Employee AdvocacyPersonal Brand

4 Personal Branding Tips to Increase Engagement

By 26/02/2020 June 15th, 2020 No Comments
gary vaynerchuk DSMN8

Gary Vaynerchuk, CEO of VaynerMedia (© Adweek, image posted here)

Before the introduction of social media, “personal branding” was an entirely different practice. Sure, someone could build something of a reputation for themselves, but this was purely based on interactions and potential word-of-mouth recommendations.

In 2020, we are fortunate enough to be equipped with the wondrous tool of social media, and various easy-to-use content creation tools, that allow us to shape and mold our networks’ perception of us into whatever we want it to be.

Personal brands are not just crucial to individuals, but businesses too. In specific industries, an employee’s personal brand can be just as important as that of the brand. The recruitment industry, for example, is becoming ever more dependent on social. Recruiters can broadcast their opportunities and successes to audiences potentially wider than their organization’s corporate accounts. See how Frank Recruitment Group empowered their employees to establish credible personal brands here.

So, what can you do to shape and build your personal brand? We’ve identified four key things you’ll need to do in order to stand out in the busy crowd.

Be Active on Social Media

Being active on social media is arguably the most important thing you can do to elevate your personal brand, as in the age of social media, that’s where your peers will be looking. Having a social media presence ensures that you are always visible and at the forefront of your networks’ feeds.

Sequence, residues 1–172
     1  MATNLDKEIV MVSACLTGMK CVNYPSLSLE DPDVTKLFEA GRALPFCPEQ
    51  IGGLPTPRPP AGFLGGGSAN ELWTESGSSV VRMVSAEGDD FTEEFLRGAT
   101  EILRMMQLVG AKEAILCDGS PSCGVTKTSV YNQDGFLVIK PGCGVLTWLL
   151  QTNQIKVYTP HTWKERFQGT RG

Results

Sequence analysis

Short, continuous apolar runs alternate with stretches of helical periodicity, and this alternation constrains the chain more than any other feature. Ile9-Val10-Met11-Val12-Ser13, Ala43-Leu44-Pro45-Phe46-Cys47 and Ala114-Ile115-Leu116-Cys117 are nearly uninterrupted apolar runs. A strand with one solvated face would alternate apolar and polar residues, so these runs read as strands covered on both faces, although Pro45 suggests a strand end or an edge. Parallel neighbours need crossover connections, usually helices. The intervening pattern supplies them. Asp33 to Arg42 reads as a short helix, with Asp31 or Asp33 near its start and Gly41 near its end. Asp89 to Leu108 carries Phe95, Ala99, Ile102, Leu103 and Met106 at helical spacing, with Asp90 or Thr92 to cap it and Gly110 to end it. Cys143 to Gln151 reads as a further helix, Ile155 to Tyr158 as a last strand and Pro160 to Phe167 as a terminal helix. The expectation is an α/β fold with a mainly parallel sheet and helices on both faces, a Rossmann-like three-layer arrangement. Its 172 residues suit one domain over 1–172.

Being active on social media to benefit your personal brand doesn’t necessarily mean continually talking about your industry or your company. You must remember not to bombard people with your services to a point where they end up unfollowing you. After all, people may still follow you and not be interested in your company or the services you offer.

It’s worth considering your industry and what you want to achieve on social before you start firing out comments, posts, and articles. Have a focus or a niche, establish yourself as an expert by focusing on one topic. Try not to appear as though you’re a would-be jack of all trades. Make sure your followers know what you specialize in and exercise your knowledge to show why you specialize in it.

“Carve a niche, and then carve a niche within your niche. The best personal brands are very specific.” – Adam Smiley Poswolsky – Author of The Breakthrough Speaker

 

networking dsmn8

(© Photo by Helena Lopes on Unsplash)

Engage With Your Network

This ties in somewhat with being active on social media, but we’re keeping it separate as there are many ways to engage with your network, peers, and colleagues.

Engaging with people on social media is another way to boost familiarity among your networks. Make sure when you’re doing so that interactions are genuine. You won’t build much of a personal brand for yourself if you’re just saying “happy birthday!” or “congrats on the new role” when prompted…

Set up social listening tools to ensure that you weigh in on all industry-relevant topics, further establishing yourself as a thought leader. Things like Tweetdeck and following hashtags will help simplify this process. As is often said with social selling, being seen as an industry thought leader means that you will be the first person and company that springs to mind when someone is ready to buy.